Data_Sheet_3_The “Plastisphere” of Biodegradable Plastics Is Characterized by Specific Microbial Taxa of Alpine and Arctic Soils.CSV (47.23 kB)

Data_Sheet_3_The “Plastisphere” of Biodegradable Plastics Is Characterized by Specific Microbial Taxa of Alpine and Arctic Soils.CSV

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posted on 24.09.2020, 04:34 by Joel Rüthi, Damian Bölsterli, Lucrezia Pardi-Comensoli, Ivano Brunner, Beat Frey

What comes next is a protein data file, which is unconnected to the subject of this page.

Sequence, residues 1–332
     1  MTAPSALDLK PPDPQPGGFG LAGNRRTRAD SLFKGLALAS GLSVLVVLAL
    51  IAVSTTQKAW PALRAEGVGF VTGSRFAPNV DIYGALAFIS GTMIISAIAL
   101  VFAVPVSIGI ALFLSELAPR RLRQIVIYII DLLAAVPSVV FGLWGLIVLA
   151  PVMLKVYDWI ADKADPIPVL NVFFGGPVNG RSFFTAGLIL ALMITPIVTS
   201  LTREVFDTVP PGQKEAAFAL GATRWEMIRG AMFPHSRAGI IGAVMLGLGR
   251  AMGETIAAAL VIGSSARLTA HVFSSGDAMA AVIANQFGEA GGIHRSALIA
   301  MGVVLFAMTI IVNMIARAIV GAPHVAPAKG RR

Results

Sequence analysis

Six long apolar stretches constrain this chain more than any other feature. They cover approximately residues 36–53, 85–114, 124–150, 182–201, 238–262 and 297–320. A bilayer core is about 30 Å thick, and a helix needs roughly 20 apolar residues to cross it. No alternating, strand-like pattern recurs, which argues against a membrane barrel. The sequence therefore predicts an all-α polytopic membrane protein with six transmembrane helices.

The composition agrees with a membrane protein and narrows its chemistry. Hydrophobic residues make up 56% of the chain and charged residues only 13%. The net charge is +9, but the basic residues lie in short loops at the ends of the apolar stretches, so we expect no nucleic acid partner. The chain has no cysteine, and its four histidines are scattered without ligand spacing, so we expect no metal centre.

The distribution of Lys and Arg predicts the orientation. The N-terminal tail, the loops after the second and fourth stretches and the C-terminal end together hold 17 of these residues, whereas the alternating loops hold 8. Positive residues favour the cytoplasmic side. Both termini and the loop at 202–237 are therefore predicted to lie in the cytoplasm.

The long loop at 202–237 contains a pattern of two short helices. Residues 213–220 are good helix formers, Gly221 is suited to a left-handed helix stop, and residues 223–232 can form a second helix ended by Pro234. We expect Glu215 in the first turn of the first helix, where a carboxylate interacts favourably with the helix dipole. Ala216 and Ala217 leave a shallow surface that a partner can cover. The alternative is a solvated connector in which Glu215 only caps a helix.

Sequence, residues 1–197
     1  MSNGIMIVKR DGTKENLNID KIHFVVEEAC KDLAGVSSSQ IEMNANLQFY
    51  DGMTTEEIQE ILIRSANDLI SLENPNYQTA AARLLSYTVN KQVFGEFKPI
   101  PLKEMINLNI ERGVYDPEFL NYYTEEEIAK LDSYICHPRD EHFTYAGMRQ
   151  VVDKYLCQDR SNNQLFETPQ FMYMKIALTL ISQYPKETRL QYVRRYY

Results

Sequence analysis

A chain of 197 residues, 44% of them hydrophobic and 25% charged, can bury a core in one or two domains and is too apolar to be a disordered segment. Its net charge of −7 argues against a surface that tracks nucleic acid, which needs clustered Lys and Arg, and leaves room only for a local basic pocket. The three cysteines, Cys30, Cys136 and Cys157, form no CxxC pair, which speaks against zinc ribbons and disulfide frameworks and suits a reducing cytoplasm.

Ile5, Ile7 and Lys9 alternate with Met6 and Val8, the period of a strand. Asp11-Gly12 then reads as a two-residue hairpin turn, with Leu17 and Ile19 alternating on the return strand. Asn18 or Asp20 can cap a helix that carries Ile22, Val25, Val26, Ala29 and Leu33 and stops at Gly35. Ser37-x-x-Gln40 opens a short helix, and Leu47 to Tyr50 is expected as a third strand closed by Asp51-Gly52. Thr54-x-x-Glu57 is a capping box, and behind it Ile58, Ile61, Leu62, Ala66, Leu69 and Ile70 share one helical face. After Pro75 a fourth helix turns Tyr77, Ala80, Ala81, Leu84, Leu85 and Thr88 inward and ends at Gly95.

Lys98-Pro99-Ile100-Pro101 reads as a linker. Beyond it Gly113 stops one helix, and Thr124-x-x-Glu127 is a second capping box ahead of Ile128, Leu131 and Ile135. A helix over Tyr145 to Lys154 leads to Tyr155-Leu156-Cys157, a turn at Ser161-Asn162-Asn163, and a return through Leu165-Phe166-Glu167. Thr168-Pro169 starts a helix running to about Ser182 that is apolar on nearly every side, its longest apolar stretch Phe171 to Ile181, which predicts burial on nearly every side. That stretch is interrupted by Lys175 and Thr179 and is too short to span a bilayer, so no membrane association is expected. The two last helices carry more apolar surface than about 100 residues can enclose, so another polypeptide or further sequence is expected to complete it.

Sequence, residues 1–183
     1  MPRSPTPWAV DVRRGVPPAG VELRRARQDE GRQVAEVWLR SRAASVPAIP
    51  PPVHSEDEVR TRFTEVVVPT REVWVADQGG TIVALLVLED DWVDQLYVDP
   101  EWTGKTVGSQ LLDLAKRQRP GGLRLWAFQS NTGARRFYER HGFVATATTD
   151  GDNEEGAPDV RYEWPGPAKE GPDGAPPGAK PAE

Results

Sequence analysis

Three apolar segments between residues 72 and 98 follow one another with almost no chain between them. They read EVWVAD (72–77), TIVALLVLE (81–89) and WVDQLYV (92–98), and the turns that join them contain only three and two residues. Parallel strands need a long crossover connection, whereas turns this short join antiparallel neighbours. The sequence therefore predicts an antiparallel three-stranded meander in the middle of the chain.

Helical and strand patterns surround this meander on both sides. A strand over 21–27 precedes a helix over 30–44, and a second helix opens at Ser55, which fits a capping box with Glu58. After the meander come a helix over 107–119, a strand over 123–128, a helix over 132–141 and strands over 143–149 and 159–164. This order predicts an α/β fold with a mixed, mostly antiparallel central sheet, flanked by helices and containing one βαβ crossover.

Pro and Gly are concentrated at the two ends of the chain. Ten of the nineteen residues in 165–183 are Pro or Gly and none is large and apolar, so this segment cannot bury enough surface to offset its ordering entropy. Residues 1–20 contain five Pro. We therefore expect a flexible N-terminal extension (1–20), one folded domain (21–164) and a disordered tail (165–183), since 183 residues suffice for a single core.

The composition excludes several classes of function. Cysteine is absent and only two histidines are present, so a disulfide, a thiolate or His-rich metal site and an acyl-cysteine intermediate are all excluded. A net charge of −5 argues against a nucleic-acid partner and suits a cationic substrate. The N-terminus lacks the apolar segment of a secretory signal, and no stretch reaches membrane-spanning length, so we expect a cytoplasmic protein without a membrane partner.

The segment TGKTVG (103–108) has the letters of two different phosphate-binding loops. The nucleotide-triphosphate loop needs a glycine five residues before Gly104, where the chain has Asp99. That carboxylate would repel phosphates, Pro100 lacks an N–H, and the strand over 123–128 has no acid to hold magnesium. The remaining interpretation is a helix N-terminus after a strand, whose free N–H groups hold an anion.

Plastic pollution poses a threat to terrestrial ecosystems, even impacting soils from remote alpine and arctic areas. Biodegradable plastics are a promising solution to prevent long-term accumulation of plastic litter. However, little is known about the decomposition of biodegradable plastics in soils from alpine and polar ecosystems or the microorganisms involved in the process. Plastics in aquatic environments have previously been shown to form a microbial community on the surface of the plastic distinct from that in the surrounding water, constituting the so-called “plastisphere.” Comparable studies in terrestrial environments are scarce. Here, we aimed to characterize the plastisphere microbiome of three types of plastics differing in their biodegradability in soil using DNA metabarcoding. Polylactic acid (PLA), polybutylene adipate terephthalate (PBAT), and polyethylene (PE) were buried in two different soils, from the Swiss Alps and from Northern Greenland, at 15°C for 8 weeks. While physico-chemical characteristics of the polymers only showed minor (PLA, PBAT) or no (PE) changes after incubation, a considerably lower α-diversity was observed on the plastic surfaces and prominent shifts occurred in the bacterial and fungal community structures between the plastisphere and the adjacent bulk soil not affected by the plastic. Effects on the plastisphere microbiome increased with greater biodegradability of the plastics, from PE to PLA. Copiotrophic taxa within the phyla Proteobacteria and Actinobacteria benefitted the most from plastic input. Especially taxa with a known potential to degrade xenobiotics, including Burkholderiales, Caulobacterales, Pseudomonas, Rhodococcus, and Streptomyces, thrived in the plastisphere of the Alpine and Arctic soils. In addition, Saccharimonadales (superphylum Patescibacteria) was identified as a key taxon associated with PLA. The association of Saccharibacteria with plastic has not been reported before, and pursuing this finding further may shed light on the lifestyle of this obscure candidate phylum. Plastic addition affected fungal taxa to a lesser extent since only few fungal genera such as Phlebia and Alternaria were increased on the plastisphere. Our findings suggest that the soil microbiome can be strongly influenced by plastic pollution in terrestrial cryoenvironments. Further research is required to fully understand microbial colonization on plastic surfaces and the biodegradation of plastic in soils.